DID THE INDEPENDENT ELECTORAL LAW REVIEW PANEL pause to wonder why New Zealand citizens become eligible to vote at 18? It’s a long and convoluted story, very little of which has much to do with cool, calm, considered cogitation. Like most of our constitutional milestones, the age of enfranchisement is the product of superstition, tradition, and political agitation. Rationality has only ever played a bit-part in this drama.
Let’s begin at the beginning with the concept of “coming of age”. For many centuries, this was something men did at the age of 21. Why 21? Because it is 3 x7 – both of which are charmed numbers. Don’t laugh, for most of human history numbers have mattered – a lot.
Among the medieval aristocracy, the journey towards “manhood” was divided into three stages. For a male child’s first 7 years, his life was centred on hearth and home. Upon turning 7, however, the custom was to have the little boy taken into the household of another aristocrat, where his education would begin in earnest. At the age of 14, the boy’s education would turn towards the arts of war and government, a process which often involved him becoming the esquire to a knight. At 21, these boys would finally enter “man’s estate” with all the privileges and responsibilities that entailed. The tradition of holding 21st birthday parties is traceable to this superstitious aristocratic arithmetic.
None of which applied if you were born a serf – a status that mandated very hard work, for very little reward, from a very early age, for the lords whose sons were learning how to become “gentlemen”. Since it was these same lords and gentlemen who wrote the laws of the land, however, 21 became the age at which full adult male status was bestowed.
It was a very different story for girls – isn’t it always? In law they were the property of, first, their fathers, and then, their husbands. For centuries the age at which a girl could be treated as a woman was 12. It was only in the Nineteenth Century that the Age of Consent was raised from 12 to 16 – a reform which was bitterly resisted by an disconcertingly large number of members of the British House of Lords, who seemed to regard it as an unconscionable curtailment of their pleasures.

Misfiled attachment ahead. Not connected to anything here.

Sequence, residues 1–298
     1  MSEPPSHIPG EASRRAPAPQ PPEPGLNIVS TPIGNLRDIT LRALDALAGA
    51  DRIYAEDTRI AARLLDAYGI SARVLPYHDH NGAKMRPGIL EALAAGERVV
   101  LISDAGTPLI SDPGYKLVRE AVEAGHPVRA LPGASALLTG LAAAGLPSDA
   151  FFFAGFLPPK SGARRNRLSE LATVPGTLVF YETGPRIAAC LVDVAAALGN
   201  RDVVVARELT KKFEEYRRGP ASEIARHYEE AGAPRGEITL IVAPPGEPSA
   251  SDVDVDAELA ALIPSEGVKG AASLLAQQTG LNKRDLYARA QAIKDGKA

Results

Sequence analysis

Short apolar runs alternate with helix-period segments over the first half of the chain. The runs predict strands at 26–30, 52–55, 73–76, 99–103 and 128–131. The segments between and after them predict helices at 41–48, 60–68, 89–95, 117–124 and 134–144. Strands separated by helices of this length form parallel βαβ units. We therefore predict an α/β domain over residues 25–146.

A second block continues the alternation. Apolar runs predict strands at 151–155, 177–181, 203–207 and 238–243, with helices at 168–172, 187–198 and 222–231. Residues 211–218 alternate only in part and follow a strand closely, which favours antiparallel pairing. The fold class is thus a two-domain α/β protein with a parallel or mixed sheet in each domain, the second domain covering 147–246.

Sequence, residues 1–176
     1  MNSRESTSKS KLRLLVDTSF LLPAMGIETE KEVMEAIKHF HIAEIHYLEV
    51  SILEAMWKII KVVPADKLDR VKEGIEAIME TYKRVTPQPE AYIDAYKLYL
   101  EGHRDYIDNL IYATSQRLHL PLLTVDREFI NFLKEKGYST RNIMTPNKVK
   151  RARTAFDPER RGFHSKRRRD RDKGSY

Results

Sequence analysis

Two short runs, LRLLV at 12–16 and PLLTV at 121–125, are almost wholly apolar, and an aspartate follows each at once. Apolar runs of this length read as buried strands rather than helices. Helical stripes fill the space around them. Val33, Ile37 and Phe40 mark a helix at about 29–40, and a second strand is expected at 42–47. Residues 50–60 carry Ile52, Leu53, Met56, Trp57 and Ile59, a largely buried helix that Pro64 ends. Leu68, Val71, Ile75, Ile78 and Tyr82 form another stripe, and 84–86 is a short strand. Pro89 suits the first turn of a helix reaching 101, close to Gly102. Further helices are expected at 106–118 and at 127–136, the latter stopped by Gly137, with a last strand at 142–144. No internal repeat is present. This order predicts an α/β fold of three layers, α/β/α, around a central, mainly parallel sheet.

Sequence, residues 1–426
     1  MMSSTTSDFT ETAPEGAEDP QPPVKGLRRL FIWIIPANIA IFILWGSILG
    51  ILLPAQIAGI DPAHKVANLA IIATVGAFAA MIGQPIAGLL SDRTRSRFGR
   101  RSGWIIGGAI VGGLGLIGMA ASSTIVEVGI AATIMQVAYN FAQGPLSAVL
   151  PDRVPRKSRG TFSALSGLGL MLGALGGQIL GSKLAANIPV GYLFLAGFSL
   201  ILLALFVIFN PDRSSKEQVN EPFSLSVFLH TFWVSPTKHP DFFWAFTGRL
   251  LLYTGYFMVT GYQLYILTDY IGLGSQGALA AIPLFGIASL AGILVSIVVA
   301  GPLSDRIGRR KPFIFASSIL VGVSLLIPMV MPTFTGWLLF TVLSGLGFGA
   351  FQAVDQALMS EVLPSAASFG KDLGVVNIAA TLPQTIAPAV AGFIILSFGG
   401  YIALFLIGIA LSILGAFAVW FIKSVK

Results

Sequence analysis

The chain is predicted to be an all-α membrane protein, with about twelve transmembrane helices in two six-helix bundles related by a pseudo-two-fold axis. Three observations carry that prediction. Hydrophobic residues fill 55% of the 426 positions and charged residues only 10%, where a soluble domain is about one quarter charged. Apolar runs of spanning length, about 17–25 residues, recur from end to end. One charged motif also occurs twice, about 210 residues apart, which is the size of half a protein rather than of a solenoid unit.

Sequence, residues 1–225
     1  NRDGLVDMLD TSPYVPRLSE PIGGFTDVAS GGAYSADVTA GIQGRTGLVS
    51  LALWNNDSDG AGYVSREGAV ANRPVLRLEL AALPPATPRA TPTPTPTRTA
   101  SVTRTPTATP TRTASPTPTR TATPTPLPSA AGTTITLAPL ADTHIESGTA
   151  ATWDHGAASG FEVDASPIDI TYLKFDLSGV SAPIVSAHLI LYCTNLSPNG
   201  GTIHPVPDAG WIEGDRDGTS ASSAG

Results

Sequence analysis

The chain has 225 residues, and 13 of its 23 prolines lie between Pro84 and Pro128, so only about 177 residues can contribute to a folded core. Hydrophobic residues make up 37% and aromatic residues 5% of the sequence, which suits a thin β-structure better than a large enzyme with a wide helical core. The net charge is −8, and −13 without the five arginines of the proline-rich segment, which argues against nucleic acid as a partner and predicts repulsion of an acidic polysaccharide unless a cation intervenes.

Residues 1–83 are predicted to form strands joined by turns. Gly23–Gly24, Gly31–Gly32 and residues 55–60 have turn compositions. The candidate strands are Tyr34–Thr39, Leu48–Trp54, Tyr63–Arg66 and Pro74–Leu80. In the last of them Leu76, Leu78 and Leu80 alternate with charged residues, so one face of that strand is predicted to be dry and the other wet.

Although in egalitarian New Zealand the voting age has been the same for men and women since 1893, the same could not be said of Great Britain. The initial enfranchisement of British women in 1918, saw their voting age set at 30. Full equality was not achieved until 1930.
What was it, then, that caused the voting age to be lowered from 21 – the generally accepted age at which people became fully-fledged adult citizens – to 20, and then, in reasonably short order to 18? The answer is to be found in the great “Youth Revolt” of the 1960s and 70s.
The huge “Baby Boom” generation, raised in the most economically and socially propitious circumstances in human history, demanded to know (at least in the USA) why it was considered appropriate to draft 18, 19 and 20-year-old males to fight and die in the jungles of Vietnam, but not to give them a say in electing the politicians who were sending them there.
It was a question their grandfathers and fathers had never thought to ask when their government send them off to World Wars One and Two. Young men had always been the first to follow their country’s flag. Too young to legally buy a beer, or vote, but old enough to kill and be killed.
Well, not any more.
The parties of the Left, seeing a huge pool of what all the pollsters were telling them were “their” voters, hastened to enfranchise these devotees of Peace, Love and Rock-n-Roll. Fifty years later, both here in New Zealand and around the world, history would appear to be repeating itself. Substitute Climate Change for Vietnam and the political dynamics are surprisingly similar.
Where the Greens are rushing-in, Labour will, sooner rather than later, cease to fear to tread – especially now that the Independent Electoral Review Panel has given lowering the voting age to 16 the thumbs-up.
There is, however, a world of difference between giving teenagers the vote, and persuading them to use it.
This essay was originally published in The Otago Daily Times and The Greymouth Star of Friday, 9 June 2023.